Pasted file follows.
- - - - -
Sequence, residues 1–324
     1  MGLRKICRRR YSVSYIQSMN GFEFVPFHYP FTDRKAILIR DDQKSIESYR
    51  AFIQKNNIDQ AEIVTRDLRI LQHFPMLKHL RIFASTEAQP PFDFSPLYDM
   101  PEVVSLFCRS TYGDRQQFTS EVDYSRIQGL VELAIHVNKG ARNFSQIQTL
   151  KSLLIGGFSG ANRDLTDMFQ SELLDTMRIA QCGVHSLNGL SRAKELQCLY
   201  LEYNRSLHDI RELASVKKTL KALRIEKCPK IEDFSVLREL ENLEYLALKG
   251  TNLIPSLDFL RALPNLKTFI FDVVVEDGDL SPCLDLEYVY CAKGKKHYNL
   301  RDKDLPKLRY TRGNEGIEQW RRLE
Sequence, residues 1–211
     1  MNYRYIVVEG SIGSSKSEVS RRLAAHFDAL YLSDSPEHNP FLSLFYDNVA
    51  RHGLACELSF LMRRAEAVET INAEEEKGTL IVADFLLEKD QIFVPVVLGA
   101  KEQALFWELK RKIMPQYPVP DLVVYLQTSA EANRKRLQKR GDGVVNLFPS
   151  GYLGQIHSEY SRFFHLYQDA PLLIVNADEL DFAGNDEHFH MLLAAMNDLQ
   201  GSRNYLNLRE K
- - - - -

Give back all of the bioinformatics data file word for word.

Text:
Sequence, residues 1–324
     1  MGLRKICRRR YSVSYIQSMN GFEFVPFHYP FTDRKAILIR DDQKSIESYR
    51  AFIQKNNIDQ AEIVTRDLRI LQHFPMLKHL RIFASTEAQP PFDFSPLYDM
   101  PEVVSLFCRS TYGDRQQFTS EVDYSRIQGL VELAIHVNKG ARNFSQIQTL
   151  KSLLIGGFSG ANRDLTDMFQ SELLDTMRIA QCGVHSLNGL SRAKELQCLY
   201  LEYNRSLHDI RELASVKKTL KALRIEKCPK IEDFSVLREL ENLEYLALKG
   251  TNLIPSLDFL RALPNLKTFI FDVVVEDGDL SPCLDLEYVY CAKGKKHYNL
   301  RDKDLPKLRY TRGNEGIEQW RRLE
Sequence, residues 1–211
     1  MNYRYIVVEG SIGSSKSEVS RRLAAHFDAL YLSDSPEHNP FLSLFYDNVA
    51  RHGLACELSF LMRRAEAVET INAEEEKGTL IVADFLLEKD QIFVPVVLGA
   101  KEQALFWELK RKIMPQYPVP DLVVYLQTSA EANRKRLQKR GDGVVNLFPS
   151  GYLGQIHSEY SRFFHLYQDA PLLIVNADEL DFAGNDEHFH MLLAAMNDLQ
   201  GSRNYLNLRE K